From conservative, cold Ireland to warm, sunny Sydney
We hope to sell the house and come to some arrangement with the bank about our negative equity
“I have missed the optimism, blue skies and sunshine of Australia. I will miss friends and family in Ireland, but there’s Skype now”: Ron Coe at Brays Beach, near Byron Bay in New South Wales
I left Ireland in 1996, at the age of 20, on a one-way ticket to Australia. Six years later I returned home, a married man, to start a career in film and television. In late 2005, surprised to be offered a mortgage, we bought a “renovator’s dream” as a step on the ladder in a coastal town 80km from Dublin. It was a bit of a commute, but we could do up the house and build some equity, we thought. We put our heads down, worked hard and replaced everything over the years; the finished house looked great.
When house prices crashed we realised we wouldn’t be able to build up equity. We were shattered. Watching the banks being bailed out as the country’s finances collapsed, we felt like we were sitting on the Titanic fully aware that we’d hit the iceberg, and were sinking fast, but could’t jump off. All the work and the cash we’d put into the house had been wiped out.
The recession hit the town hard, and the place went downhill fast. My wife worked for a community-development programme, which suffered cut after cut at a time when its services were most needed. Early one morning our house was robbed while we slept. From then on we no longer felt safe, and I was having to stay away more because of work. All this was putting pressure on our marriage. We needed to move.
It took us a while to pluck up the courage, but in early 2012 we moved closer to Dublin, renting out our own house. The rental income covered only half the mortgage, so it was an expensive decision, but it was the right one. Although job prospects had decreased substantially, my wife found work in Dublin. I was busy too. We simply had to pay off the mortgage and get out of negative equity. It would be worth something one day, we told ourselves.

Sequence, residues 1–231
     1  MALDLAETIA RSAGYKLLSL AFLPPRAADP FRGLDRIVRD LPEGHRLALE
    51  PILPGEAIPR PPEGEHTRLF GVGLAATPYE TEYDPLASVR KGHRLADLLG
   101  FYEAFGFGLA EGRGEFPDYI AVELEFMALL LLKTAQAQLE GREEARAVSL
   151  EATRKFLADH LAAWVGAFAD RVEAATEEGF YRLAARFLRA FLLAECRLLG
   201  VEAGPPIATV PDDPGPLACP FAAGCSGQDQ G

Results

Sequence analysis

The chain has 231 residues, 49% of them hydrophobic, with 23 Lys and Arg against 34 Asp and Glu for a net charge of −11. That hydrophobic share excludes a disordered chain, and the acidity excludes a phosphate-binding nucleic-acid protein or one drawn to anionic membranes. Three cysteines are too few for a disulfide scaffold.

Financially, though, we were screwed. Posting the house keys to the bank and running back to Australia was tempting. With all the doom and gloom here, and the rain, we started to miss Australia. On the other hand all my work contacts were here in Ireland, and I didn’t want to risk my career. But taxes shot up, and rising interest rates pushed up the mortgage repayments. We are unable to pay off our debts.
Tired of it all, and sick of feeling bitter, we have finally decided to sell up and move to Sydney. We hope to sell the house and come to an arrangement with the bank about the negative equity. We may end up with nothing but debt; like a black cloud hanging over us, however, our mortgage has been a constant source of anxiety, and it will be a relief to be free from it.
My wife’s job prospects are good in Australia, and her family is over the moon. For me it’s a bit more of a risk, but I am excited. I have missed the optimism, openness, blue skies and sunshine of Australia. I will miss friends and family, but there’s Skype now, and I’ll be backwards and forwards a fair bit.
I still love Ireland; it’s where I’m from. I now have a career I love, and skills I can take with me, which is great. The Ireland I am leaving is different from the Ireland I left in 1996. But it is still a small, conservative island in the cold, wet north Atlantic, and that’s not going to change. Will we ever come back here to live? It feels unlikely. It’s warm and sunny there, and that’s never going to change.
Read more Emigrant Voices stories written by Irish people living abroad here.